Posts Tagged ‘san francisco’

If you have been wondering where we have been, well it got cold a and rainy and we started to hibernate.  After an extremely productive year we fell into a deep sleep. Now we are stretching and yawning and waking up to prepare for a new year filled with new classes. We had such a great 2012 thanks to a lovely article about us that ran on the first page of the sunday SF Chronicle early edition and the front page of the home and garden section.

The exposure from the article introduced us to lots of great people, many of them as freaky as us. Some of our most dedicated students were worried that the little Canine Circus School hidden in the heart of the East Bay would cease to be the underground cool thing for those in the know.  They thought because of the article the secret was out.  We had a good run but instead of selling out we went into hibernation thereby ensuring the secret coolness of the Canine Circus School for generations to come.   Or so the legend goes.  Even though the circus is hibernating we are still doing private lessons.  If you want to arrange a time to sit down and learn some new tricks or work on a behavior problem, let us know we are never too sleepy to help.  Call us at 415- 779-6550.

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New Classes starting in 2013 stay tuned for the schedule. Until then here are a few tricks for you to work on when the weather is cold.

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Check out this fun video we made after finishing a set of 8 private lessons with Leslie and her Pit Bull Levi. What an awesome team, I am lucky to have such great students.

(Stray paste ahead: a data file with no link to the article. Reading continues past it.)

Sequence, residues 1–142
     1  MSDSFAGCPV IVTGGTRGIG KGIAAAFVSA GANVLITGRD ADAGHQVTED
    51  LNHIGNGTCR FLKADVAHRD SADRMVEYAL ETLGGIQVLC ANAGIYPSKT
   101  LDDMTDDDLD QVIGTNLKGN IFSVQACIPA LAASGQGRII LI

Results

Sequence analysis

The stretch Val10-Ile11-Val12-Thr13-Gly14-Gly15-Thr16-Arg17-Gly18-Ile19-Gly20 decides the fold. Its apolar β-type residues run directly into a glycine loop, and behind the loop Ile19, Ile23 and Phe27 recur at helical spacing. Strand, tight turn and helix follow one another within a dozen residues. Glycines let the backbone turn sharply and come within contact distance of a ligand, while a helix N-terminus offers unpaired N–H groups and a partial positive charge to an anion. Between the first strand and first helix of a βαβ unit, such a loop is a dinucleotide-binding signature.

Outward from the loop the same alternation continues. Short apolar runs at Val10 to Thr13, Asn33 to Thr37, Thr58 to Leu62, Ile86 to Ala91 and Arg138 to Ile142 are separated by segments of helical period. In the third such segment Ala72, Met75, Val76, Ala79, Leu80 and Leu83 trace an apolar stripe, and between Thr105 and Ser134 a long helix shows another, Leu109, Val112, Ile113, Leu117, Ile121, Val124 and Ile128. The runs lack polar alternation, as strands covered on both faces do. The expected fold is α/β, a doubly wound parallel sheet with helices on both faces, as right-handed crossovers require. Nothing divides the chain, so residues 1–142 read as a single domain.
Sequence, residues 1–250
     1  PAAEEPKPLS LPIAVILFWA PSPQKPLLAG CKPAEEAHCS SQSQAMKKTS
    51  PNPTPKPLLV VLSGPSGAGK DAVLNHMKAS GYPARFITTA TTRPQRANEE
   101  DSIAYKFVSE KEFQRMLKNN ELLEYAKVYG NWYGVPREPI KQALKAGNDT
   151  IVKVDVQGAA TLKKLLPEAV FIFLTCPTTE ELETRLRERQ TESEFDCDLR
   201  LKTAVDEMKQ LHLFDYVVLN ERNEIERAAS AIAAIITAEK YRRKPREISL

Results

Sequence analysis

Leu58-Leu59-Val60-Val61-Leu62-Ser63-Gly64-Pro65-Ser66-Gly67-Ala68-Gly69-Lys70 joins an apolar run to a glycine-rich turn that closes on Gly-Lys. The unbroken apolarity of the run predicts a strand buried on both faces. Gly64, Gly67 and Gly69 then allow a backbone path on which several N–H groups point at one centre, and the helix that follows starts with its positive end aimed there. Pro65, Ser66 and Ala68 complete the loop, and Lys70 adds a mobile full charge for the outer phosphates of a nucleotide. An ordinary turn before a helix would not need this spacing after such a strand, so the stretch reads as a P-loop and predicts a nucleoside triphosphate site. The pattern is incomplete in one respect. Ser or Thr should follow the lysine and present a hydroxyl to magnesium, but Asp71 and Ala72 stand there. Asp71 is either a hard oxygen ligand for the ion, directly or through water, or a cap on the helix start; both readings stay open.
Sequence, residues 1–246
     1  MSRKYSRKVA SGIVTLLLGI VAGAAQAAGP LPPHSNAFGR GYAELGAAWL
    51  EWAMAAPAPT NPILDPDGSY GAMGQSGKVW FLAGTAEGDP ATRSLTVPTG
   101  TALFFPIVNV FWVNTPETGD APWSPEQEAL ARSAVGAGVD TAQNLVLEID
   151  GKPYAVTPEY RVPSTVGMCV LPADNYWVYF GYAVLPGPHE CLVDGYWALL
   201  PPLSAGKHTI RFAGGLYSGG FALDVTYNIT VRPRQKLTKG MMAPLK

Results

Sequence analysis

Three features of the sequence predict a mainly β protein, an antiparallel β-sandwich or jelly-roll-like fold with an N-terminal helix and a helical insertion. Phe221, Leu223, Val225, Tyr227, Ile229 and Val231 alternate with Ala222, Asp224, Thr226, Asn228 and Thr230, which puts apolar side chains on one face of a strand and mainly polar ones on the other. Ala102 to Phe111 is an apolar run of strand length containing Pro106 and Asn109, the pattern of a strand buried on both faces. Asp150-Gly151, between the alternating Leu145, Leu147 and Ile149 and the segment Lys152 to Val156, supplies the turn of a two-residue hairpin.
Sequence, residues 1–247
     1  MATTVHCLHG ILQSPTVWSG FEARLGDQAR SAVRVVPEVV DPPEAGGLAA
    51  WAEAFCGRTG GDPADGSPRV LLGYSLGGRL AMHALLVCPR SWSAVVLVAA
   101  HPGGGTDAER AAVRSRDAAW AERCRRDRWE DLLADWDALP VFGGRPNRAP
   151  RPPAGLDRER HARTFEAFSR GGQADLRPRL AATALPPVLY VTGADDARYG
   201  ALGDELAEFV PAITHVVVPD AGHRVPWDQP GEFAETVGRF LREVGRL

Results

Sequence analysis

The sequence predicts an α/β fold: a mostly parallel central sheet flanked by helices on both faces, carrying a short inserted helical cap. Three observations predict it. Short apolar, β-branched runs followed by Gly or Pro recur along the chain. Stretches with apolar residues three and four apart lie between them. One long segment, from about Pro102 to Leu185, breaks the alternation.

Levi the Pit Bull relaxing between takes

If dog training was high school then we are the art room set.  Other trainers can be the jocks, honor students, or the popular clique.  I’m always happiest in creative mode, and I love working with people who are interested in exploring the creative side of dog training.  If you are interested in this sort of thing come join the fun by attending our Canine Circus School, or doing some private lessons.

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Intuition in training on a street corner in Oakland with a blind Akita

If you have lived in California for a while, you might have forgotten about the California glow.  The best place to see it is after a trip, at the airport, waiting by your gate.  I know the SF bound gate immediately, everyone is a shade hipper from the babies to the grandparents.  I usually balance a ball on my head, and when asked, I simply whisper “I worship the Orb” and everyone is quietly respectful.  The people of California have a glow, it twinkles when they adjust their posture, do breathing exercises or peer out from hip eyewear.  Even the cops in California are hipper.  Recently, Hayward Police K9 Handler, Loring Cox had this to say about us: